Federals in the Trans-Mississippi targeted Little Rock, Arkansas while Federals in eastern Tennessee targeted Knoxville. The Lincoln administration discussed launching an operation on the Texas-Louisiana coasts. Another major Confederate city fell, and the Western Theater’s most terrible battle took place.
1 Sep – Federal forces continued bombarding the fortifications in Charleston Harbor, South Carolina, in preparation for another infantry attack.
2 Sep – Leading elements of the Federal Army of the Ohio entered Knoxville, the key city of eastern Tennessee. This cut Virginia’s direct railroad line to the west.
3 Sep – At least 50,000 people attended a rally in President Abraham Lincoln’s hometown of Springfield, Illinois, in support of Lincoln and his war policies.
4 Sep – Major General Ulysses S. Grant suffered a serious riding accident while witnesses claimed he was drunk.
5 Sep – Charles Francis Adams, U.S. minister to Great Britain, threatened war unless the British stopped clandestinely building warships for the Confederacy.
5 Sep – Confederate Lieutenant General Edmund Kirby Smith urged foreign envoy John Slidell to get France to intervene on the Confederacy’s behalf so that the French puppet regime in Mexico would have a friendly neighbor to the north.
6 Sep – Confederate forces finally abandoned Morris Island in Charleston Harbor, South Carolina, after enduring relentless pressure for nearly two months. The Federals then looked to capture Fort Sumter.
7 Sep – As Major General William S. Rosecrans’s Federals closed in on Chattanooga, participants at the high-level conference in Richmond decided to reinforce General Braxton Bragg’s Confederate Army of Tennessee.
7 Sep – Letter from Captain William Nugent of the 28th Mississippi Cavalry to his wife.
8 Sep – A Federal army-navy expedition to the Texas-Louisiana border met with embarrassing defeat by less than 50 Confederates defending Sabine Pass.
9 Sep – Major General William S. Rosecrans’s Federal Army of the Cumberland captured the important city of Chattanooga, Tennessee, without firing a shot.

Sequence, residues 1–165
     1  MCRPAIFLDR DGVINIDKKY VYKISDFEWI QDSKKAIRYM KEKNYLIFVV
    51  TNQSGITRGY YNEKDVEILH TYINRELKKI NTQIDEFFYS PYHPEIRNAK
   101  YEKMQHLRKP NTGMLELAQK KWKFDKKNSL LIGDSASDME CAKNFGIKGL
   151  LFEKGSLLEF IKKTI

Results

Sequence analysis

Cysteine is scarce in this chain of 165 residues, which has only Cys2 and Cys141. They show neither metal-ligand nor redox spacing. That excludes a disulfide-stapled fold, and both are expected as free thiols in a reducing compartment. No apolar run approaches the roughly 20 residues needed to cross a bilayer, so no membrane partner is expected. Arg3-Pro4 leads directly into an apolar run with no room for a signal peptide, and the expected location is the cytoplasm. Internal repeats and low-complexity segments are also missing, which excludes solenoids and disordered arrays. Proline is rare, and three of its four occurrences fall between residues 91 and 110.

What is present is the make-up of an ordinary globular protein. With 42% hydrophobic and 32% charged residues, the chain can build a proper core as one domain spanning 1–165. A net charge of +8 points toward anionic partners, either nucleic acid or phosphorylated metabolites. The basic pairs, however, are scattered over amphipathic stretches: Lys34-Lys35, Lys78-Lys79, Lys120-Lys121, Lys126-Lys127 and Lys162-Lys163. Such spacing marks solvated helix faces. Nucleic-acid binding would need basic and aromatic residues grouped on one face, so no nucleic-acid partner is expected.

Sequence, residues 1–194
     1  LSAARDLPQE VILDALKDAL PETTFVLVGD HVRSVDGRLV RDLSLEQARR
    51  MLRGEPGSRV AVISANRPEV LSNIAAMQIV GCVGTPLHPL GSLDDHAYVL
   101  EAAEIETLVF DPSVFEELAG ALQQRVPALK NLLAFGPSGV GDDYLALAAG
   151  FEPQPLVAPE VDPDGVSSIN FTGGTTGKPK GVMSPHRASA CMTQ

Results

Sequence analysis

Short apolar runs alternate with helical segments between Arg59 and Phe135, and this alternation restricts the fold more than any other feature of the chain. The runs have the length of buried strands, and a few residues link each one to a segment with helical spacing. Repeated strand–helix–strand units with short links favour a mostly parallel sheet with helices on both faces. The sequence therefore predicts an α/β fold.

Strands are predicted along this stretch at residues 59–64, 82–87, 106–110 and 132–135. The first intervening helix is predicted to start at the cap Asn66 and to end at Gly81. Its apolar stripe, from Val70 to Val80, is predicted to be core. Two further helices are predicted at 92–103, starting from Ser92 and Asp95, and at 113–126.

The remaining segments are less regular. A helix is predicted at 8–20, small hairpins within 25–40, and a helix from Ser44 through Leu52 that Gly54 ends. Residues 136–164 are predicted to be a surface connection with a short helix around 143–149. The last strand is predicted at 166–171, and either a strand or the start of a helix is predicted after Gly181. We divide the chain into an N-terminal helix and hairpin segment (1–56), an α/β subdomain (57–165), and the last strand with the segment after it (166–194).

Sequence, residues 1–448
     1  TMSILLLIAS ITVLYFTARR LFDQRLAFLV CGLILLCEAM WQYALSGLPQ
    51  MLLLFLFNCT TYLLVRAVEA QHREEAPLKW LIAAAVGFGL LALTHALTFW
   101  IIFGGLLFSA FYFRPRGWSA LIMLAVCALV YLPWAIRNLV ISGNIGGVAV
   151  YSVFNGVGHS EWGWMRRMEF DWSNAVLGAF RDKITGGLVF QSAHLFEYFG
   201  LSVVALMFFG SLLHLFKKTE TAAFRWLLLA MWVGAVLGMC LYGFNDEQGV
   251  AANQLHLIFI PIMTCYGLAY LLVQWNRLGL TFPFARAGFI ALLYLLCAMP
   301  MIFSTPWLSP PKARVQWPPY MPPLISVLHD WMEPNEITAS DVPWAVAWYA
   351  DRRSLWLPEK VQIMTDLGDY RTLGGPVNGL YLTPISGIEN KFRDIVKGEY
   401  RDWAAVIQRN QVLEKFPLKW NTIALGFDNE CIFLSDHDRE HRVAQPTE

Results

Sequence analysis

10 Sep – Major General Frederick Steele’s Federal Army of Arkansas entered the state capital after Confederates retreated.
12 Sep – Confederate reinforcements began heading to the Army of Tennessee, while General Braxton Bragg missed two prime opportunities to defeat the Federal Army of the Cumberland outside Chattanooga.
15 Sep – Major General George G. Meade planned to advance against General Robert E. Lee’s weakened Confederate Army of Northern Virginia, but only as part of a probing action.
18 Sep – Major General William S. Rosecrans began concentrating his Federal Army of the Cumberland, and General Braxton Bragg continued looking for any opportunity to attack.
19 Sep – A terrible battle began in northwestern Georgia between General Braxton Bragg’s Confederate Army of Tennessee and Major General William S. Rosecrans’s Federal Army of the Cumberland.
20 Sep – The terrible battle in northwestern Georgia entered its second day and threatened to result in Federal disaster.
21 Sep – The Federal Army of the Cumberland retreated into Chattanooga after its disastrous defeat at Chickamauga, and the Confederate Army of Tennessee cautiously pursued.
23 Sep – Major General William S. Rosecrans’s Federal Army of the Cumberland continued building defenses in Chattanooga while General Braxton Bragg’s Confederate Army of Tennessee began laying siege.
25 Sep – President Abraham Lincoln wrote an irate message to Major General Ambrose E. Burnside after Burnside’s repeated refusals to reinforce Major General William S. Rosecrans’s Federal Army of the Cumberland under siege in Chattanooga.
27 Sep – Federal troops from the Army of the Potomac began heading west in a remarkable display of logistics, while the Federal high command looked to possibly change the command structure in the Army of the Cumberland.
29 Sep – General Robert E. Lee began planning to attack after receiving confirmation that Major General George G. Meade’s Federal Army of the Potomac was weakened.
30 Sep – Tensions reached a boiling point among the Confederate Army of Tennessee commanders. This led to a command change, a call for Richmond to help, and even a death threat.
Last Updated: 9/30/2018